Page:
AZ Community Property, Commingling and Cooties
Written by: Stefano Ceroni
Even if they know and understand AZ community property laws, divorcing couples often assume that if a party owns a financial account or vehicle that is solely in one person’s name, the spouse has no rightful claim to that asset.
Unfortunately, these people have once again forgotten the true definition of the word ASS-U-ME.
That’s right, when you assume, you always make an A$$ out of both U and ME. That’s because according to AZ community property laws, both parties are entitled to an equitable share of all assets (and debts) acquired during the marriage regardless of whose name the asset (or debt) is in.
Now, as with any good rule, there are a few noteworthy exceptions. Under AZ community property laws, any property that is acquired either by gift, devise or descent (even if it is acquired during the marriage) is considered the acquiring party’s sole and separate property.
BUT, the discussion on sole and separate property does not stop there. This is because in Arizona, as well as many other community property states, sole and separate property does not always maintain it’s sole and separate character. In fact, it can very easily be transformed into community property without the parties ever realizing it.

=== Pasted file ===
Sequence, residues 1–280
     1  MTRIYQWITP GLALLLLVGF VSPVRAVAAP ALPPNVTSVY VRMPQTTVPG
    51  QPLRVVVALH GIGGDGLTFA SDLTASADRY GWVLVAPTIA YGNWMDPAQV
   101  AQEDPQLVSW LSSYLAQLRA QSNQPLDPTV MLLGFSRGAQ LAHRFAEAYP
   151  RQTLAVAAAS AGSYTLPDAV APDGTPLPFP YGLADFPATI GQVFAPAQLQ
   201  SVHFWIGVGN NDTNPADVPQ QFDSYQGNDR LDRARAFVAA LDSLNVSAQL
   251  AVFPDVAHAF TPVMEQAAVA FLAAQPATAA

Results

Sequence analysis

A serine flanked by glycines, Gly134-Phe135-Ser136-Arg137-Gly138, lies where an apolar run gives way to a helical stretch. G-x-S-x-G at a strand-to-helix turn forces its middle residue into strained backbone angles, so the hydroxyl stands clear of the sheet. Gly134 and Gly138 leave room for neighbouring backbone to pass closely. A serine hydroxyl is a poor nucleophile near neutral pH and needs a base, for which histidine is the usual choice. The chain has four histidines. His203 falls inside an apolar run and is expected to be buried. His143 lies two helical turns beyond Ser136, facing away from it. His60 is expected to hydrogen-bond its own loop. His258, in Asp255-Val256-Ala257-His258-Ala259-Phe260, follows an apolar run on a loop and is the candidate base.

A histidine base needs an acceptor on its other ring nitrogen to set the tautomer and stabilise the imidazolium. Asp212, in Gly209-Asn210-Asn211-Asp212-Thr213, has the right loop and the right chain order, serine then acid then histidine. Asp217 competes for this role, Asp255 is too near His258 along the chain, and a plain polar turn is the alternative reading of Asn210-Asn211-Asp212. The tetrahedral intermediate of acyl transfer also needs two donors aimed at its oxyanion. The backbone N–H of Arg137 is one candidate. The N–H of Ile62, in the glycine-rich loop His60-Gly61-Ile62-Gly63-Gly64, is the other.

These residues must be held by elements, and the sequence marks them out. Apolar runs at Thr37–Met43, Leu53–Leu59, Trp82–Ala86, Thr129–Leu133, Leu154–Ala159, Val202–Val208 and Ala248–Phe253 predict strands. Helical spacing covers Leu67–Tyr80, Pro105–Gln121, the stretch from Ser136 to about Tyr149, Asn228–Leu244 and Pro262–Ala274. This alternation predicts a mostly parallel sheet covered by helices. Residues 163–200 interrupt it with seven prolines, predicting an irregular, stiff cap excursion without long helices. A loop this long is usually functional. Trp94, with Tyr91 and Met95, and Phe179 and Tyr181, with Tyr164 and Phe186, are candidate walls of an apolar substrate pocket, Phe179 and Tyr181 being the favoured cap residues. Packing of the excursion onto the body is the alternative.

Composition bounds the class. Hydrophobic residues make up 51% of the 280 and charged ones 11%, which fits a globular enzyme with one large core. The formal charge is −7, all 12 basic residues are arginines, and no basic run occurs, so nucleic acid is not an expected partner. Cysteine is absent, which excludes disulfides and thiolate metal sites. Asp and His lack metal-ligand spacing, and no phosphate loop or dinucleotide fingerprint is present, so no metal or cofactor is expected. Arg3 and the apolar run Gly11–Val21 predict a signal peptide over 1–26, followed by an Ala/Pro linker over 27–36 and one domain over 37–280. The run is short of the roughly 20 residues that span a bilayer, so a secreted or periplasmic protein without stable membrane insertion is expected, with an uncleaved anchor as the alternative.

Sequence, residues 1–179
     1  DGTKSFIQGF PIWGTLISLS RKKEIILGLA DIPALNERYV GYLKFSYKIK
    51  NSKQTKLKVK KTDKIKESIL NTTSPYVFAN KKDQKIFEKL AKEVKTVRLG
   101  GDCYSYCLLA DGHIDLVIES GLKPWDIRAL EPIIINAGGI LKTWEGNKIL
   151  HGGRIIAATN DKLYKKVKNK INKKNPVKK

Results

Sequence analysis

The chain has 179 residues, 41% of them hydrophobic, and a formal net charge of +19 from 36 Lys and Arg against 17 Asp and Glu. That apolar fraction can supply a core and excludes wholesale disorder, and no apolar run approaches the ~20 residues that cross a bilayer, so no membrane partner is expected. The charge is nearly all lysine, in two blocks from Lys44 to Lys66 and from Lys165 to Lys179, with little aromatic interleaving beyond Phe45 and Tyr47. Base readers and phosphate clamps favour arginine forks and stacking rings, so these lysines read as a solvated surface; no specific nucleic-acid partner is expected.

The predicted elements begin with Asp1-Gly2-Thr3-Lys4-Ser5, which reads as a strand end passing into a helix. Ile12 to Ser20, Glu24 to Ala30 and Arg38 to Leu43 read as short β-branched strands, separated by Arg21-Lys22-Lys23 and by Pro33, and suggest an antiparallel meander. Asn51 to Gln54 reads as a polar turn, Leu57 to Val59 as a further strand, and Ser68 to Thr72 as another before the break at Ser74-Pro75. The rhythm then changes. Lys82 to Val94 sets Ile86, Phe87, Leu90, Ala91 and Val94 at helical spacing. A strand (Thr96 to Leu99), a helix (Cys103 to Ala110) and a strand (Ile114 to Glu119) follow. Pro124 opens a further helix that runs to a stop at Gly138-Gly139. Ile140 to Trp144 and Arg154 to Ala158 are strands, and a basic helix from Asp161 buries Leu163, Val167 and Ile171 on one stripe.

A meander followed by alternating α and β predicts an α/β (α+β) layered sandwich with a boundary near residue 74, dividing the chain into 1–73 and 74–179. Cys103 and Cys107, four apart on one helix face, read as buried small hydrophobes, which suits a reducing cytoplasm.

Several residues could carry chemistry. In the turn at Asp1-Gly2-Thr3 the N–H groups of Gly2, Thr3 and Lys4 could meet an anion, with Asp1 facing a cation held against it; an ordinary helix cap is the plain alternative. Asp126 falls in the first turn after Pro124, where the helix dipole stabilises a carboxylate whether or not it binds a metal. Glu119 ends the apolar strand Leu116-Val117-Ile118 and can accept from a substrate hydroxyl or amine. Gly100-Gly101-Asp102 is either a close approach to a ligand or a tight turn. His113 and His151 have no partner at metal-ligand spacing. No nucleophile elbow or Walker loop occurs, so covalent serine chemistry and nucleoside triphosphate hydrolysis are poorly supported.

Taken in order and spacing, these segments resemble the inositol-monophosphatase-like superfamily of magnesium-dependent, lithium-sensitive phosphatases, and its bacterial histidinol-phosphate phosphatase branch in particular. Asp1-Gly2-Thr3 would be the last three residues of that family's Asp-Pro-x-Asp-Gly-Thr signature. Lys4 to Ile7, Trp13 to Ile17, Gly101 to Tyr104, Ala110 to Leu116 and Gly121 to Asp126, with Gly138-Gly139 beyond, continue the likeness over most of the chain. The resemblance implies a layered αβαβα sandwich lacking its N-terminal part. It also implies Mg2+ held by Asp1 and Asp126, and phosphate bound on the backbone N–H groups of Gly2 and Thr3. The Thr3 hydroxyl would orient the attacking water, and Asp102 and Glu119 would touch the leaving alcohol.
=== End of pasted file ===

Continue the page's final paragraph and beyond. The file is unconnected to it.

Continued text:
For example, let’s say you inherit $10,000 in cash from your father’s estate during your marriage. Well, as we already know, that $10,000 is your sole and separate property according to AZ community property laws on the topic. But wait! What if you deposit that $10,000 into a bank account that you set up in your name only? Well, at that point, it’s still your sole and separate property. But wait one more second! What if you start to put your pay checks into that bank account and start using those funds to pay for groceries and home repairs? Well, now you’ve started down the scary and unpredictable path that is known in Arizona law as “commingling.”
When a party commingles his or her sole and separate property with community property, that person runs the risk of having a court consider the entire property to have been “transmuted.” What the heck does that mean? Essentially, it means you have mixed-up the sole and separate property with the community property so much that nobody can decipher what funds are sole and separate and what funds are community. When this happens, AZ community property laws require that the entire asset now be deemed 100% community (unless the sole and separate funds can be “traced” through an often expensive, lengthy process). If the funds cannot be traced, your rights to that $10,000 bucks just got cut in half.
SO…the bottom line is this: to prevent your sole and separate property from ever being transformed into community property, keep it as far away from any community assets as possible.
Just think about it like an 8 year girl would. In AZ, Community Property has “cooties”! And, we all know–you never want to get tagged with that.